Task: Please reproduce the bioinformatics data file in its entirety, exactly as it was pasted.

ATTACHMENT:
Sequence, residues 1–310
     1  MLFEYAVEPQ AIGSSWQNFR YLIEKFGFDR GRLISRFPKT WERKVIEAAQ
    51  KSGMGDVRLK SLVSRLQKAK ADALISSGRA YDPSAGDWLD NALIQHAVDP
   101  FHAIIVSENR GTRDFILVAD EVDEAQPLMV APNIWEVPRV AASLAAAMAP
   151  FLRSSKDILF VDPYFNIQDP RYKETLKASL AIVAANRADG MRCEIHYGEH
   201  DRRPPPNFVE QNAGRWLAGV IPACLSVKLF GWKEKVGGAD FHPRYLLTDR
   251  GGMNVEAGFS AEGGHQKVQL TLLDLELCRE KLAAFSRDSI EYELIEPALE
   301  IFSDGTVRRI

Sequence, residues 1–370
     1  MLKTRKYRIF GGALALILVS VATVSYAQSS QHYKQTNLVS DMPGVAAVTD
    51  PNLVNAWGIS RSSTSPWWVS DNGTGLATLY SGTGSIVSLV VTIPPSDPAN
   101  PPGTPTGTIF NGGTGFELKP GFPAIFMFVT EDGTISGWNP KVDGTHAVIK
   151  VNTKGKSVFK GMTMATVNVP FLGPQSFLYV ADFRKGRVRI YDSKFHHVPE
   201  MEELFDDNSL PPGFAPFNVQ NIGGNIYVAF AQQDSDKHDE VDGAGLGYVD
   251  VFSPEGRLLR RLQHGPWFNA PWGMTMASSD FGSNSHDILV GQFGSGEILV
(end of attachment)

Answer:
Sequence, residues 1–310
     1  MLFEYAVEPQ AIGSSWQNFR YLIEKFGFDR GRLISRFPKT WERKVIEAAQ
    51  KSGMGDVRLK SLVSRLQKAK ADALISSGRA YDPSAGDWLD NALIQHAVDP
   101  FHAIIVSENR GTRDFILVAD EVDEAQPLMV APNIWEVPRV AASLAAAMAP
   151  FLRSSKDILF VDPYFNIQDP RYKETLKASL AIVAANRADG MRCEIHYGEH
   201  DRRPPPNFVE QNAGRWLAGV IPACLSVKLF GWKEKVGGAD FHPRYLLTDR
   251  GGMNVEAGFS AEGGHQKVQL TLLDLELCRE KLAAFSRDSI EYELIEPALE
   301  IFSDGTVRRI

Sequence, residues 1–370
     1  MLKTRKYRIF GGALALILVS VATVSYAQSS QHYKQTNLVS DMPGVAAVTD
    51  PNLVNAWGIS RSSTSPWWVS DNGTGLATLY SGTGSIVSLV VTIPPSDPAN
   101  PPGTPTGTIF NGGTGFELKP GFPAIFMFVT EDGTISGWNP KVDGTHAVIK
   151  VNTKGKSVFK GMTMATVNVP FLGPQSFLYV ADFRKGRVRI YDSKFHHVPE
   201  MEELFDDNSL PPGFAPFNVQ NIGGNIYVAF AQQDSDKHDE VDGAGLGYVD
   251  VFSPEGRLLR RLQHGPWFNA PWGMTMASSD FGSNSHDILV GQFGSGEILV